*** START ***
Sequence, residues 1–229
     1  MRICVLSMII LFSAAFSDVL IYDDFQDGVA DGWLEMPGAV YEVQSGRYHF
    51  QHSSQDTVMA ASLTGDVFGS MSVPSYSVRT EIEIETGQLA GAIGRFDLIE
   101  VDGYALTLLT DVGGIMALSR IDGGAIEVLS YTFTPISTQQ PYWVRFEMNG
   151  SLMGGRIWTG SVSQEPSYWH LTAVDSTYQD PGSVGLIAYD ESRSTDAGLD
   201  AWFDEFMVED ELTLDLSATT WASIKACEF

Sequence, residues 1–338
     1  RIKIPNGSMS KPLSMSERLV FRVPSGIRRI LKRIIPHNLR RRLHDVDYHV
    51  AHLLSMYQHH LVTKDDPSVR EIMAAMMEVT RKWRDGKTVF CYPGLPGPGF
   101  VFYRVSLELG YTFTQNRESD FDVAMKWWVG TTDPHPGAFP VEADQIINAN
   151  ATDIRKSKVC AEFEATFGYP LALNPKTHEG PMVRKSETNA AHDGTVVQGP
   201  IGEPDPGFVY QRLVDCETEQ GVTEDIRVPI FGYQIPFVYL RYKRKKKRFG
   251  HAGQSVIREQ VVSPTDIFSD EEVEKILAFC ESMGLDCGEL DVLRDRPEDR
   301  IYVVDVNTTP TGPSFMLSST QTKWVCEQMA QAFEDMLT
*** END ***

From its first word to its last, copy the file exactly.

Sequence, residues 1–229
     1  MRICVLSMII LFSAAFSDVL IYDDFQDGVA DGWLEMPGAV YEVQSGRYHF
    51  QHSSQDTVMA ASLTGDVFGS MSVPSYSVRT EIEIETGQLA GAIGRFDLIE
   101  VDGYALTLLT DVGGIMALSR IDGGAIEVLS YTFTPISTQQ PYWVRFEMNG
   151  SLMGGRIWTG SVSQEPSYWH LTAVDSTYQD PGSVGLIAYD ESRSTDAGLD
   201  AWFDEFMVED ELTLDLSATT WASIKACEF

Sequence, residues 1–338
     1  RIKIPNGSMS KPLSMSERLV FRVPSGIRRI LKRIIPHNLR RRLHDVDYHV
    51  AHLLSMYQHH LVTKDDPSVR EIMAAMMEVT RKWRDGKTVF CYPGLPGPGF
   101  VFYRVSLELG YTFTQNRESD FDVAMKWWVG TTDPHPGAFP VEADQIINAN
   151  ATDIRKSKVC AEFEATFGYP LALNPKTHEG PMVRKSETNA AHDGTVVQGP
   201  IGEPDPGFVY QRLVDCETEQ GVTEDIRVPI FGYQIPFVYL RYKRKKKRFG
   251  HAGQSVIREQ VVSPTDIFSD EEVEKILAFC ESMGLDCGEL DVLRDRPEDR
   301  IYVVDVNTTP TGPSFMLSST QTKWVCEQMA QAFEDMLT